Kenya’s economic growth was largely stifled by a slowdown in the agriculture, manufacturing and transport sectors.

Private sector credit growth declined to 6.6 per cent in the 12 months to October, compared with seven per cent in September.

The decision also came after the government abolished interest rate controls that fixed lending rates at four percentage points above the prevailing Central Bank Rate.

In Rwanda, the Monetary Policy Committee convened on August 14 and decided to maintain the benchmark lending rate at five per cent to enhance credit to the private sector.

“Rwanda’s aggregate demand in 2019 is expected to continue improving supported by the accommodative monetary policy and a fiscal stimulus,” said National Bank of Rwanda Governor John Rwangombwa.

“Downside risks could potentially come from the global economy owing to intensified US-China trade tensions and prolonged uncertainties around Brexit.”


The Bank of Tanzania in June reduced the proportion of deposits that banks are required to hold with the regulator to seven per cent, from eight per cent, effective July 1 to accelerate growth of credit to the private sector and thus stimulate economic growth.

The last time the bank lowered the statutory minimum reserve requirement was in March 2017 when the regulator cut the ratio to eight per cent from 10 per cent.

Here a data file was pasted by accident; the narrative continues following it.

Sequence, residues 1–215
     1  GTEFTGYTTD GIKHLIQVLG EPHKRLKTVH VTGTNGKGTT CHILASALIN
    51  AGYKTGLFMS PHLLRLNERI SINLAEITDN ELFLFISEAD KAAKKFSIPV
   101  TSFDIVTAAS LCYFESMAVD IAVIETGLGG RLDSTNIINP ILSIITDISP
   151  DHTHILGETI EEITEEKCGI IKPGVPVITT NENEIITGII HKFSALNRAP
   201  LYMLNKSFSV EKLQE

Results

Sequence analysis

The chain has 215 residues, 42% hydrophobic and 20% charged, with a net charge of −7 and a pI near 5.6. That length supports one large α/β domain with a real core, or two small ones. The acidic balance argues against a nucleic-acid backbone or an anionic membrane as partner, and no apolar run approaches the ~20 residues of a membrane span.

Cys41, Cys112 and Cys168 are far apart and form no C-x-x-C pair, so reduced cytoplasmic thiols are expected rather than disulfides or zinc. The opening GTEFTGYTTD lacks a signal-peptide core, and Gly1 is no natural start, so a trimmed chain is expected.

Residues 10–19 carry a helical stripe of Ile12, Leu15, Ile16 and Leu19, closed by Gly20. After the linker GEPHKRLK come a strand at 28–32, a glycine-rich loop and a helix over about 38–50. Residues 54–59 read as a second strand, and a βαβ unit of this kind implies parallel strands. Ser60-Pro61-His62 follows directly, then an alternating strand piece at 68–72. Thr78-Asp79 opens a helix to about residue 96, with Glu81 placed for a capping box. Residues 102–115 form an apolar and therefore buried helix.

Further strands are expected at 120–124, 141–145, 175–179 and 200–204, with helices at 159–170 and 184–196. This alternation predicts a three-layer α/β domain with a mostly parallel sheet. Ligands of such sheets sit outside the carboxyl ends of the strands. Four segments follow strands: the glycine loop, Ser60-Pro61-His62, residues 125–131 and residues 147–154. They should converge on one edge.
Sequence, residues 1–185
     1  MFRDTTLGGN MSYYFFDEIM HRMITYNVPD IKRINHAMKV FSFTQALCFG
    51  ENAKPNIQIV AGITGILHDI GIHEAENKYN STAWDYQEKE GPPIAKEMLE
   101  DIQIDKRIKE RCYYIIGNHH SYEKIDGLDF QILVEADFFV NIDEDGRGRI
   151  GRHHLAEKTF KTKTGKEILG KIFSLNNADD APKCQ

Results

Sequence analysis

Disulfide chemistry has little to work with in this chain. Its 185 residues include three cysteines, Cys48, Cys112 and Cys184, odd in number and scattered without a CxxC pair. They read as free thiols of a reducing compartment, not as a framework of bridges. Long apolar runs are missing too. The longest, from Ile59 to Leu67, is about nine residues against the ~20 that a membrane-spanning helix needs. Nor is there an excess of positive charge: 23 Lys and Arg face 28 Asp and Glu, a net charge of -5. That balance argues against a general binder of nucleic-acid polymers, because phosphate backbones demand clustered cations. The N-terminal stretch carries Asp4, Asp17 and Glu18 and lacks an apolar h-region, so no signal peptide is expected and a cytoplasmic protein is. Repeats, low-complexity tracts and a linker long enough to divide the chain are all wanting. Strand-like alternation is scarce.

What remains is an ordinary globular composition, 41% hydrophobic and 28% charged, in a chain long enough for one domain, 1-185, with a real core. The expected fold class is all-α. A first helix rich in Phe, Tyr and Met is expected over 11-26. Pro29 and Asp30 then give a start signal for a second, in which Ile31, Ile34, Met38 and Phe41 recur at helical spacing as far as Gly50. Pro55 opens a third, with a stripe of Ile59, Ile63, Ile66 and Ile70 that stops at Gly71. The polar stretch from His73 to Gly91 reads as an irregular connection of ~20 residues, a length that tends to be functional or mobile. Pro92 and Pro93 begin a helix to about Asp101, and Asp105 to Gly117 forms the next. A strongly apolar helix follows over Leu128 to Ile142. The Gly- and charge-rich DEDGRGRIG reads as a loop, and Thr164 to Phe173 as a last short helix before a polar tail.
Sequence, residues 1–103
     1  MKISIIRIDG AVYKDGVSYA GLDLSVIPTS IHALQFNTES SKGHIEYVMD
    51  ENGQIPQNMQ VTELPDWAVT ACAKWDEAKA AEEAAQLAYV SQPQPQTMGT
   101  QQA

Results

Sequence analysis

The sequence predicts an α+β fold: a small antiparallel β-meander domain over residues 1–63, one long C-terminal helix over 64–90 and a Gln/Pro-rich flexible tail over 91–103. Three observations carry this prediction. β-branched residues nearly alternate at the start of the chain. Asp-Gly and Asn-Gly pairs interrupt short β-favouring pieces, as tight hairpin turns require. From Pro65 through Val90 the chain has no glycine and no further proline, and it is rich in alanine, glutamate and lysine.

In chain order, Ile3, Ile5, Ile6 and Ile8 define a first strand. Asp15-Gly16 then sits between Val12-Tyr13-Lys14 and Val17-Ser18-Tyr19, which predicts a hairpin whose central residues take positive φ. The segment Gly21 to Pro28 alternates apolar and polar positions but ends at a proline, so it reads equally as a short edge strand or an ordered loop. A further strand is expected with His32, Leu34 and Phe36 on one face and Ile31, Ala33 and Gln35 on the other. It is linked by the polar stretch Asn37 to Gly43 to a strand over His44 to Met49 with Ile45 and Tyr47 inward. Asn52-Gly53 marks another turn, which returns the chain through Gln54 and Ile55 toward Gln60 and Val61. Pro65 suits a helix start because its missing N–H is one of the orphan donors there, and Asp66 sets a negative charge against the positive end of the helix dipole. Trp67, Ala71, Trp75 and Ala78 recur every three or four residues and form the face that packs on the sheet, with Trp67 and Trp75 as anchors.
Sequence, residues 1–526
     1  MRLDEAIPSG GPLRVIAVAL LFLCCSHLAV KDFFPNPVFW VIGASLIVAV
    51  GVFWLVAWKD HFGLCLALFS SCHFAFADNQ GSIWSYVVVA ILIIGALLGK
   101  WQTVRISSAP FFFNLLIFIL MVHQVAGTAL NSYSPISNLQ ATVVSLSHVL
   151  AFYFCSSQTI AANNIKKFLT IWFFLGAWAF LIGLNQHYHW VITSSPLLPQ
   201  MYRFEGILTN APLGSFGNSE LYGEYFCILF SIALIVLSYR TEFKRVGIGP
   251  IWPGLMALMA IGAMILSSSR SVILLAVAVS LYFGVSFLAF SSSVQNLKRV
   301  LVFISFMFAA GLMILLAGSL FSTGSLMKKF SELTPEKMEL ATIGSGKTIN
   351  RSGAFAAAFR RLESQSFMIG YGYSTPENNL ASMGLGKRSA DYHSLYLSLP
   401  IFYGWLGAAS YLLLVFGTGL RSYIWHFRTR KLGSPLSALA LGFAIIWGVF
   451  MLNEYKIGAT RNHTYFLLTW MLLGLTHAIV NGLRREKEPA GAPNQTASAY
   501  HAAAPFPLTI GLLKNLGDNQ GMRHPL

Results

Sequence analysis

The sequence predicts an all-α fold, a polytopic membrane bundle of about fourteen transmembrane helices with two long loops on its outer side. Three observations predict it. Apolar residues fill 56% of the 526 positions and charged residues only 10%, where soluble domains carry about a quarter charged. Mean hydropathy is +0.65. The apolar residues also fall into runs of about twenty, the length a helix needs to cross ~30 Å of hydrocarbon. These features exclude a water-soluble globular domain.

Usually Tanzania does not use CBR to regulate money supply but uses the CRR — the proportion of deposits that banks are supposed to keep with the central bank as reserves.

By lowering the CRR you increase the amount of money that banks can lend to the private sector and vice versa.

In October this year the US central bank cut interest rates for the third time in four months with a view to boosting an economy that had grown by a paltry 1.9 per cent in the third quarter of this year.

The Federal Reserve lowered the interest rates by 25 basis points to a range of 1.5 per cent to 1.75 per cent on October 30.

“Although central banks in major advanced economies have adopted accommodative monetary policy to support growth, the current uncertainties may result in increased volatility in the global financial markets,” said Kenya’s Central Bank Governor Dr Patrick Njoroge.

According to Uganda’s State of the Economy Report released in September, declining trade and heightened uncertainty have contributed to lower global growth. 



Globally, central banks are easing monetary policy to support their economies in the wake of emerging risks related to escalating US tariff actions, currency wars, retaliation by trading partners, no-deal Brexit, abrupt shifts in risk sentiment and disinflationary pressures.

Global growth is projected to be lower at 3.2 per cent for 2019 and 3.5 per cent for 2020, a 0.1 percentage point downward revision compared with April 2019 forecasts.

Commodity prices have moderated this year, so far and remain relatively volatile owing to the impact of the still-unfolding US tariff actions.

Weaker crude oil prices have been mainly driven by concerns about lower global economic growth prospects and the impact from the US-China tariff war.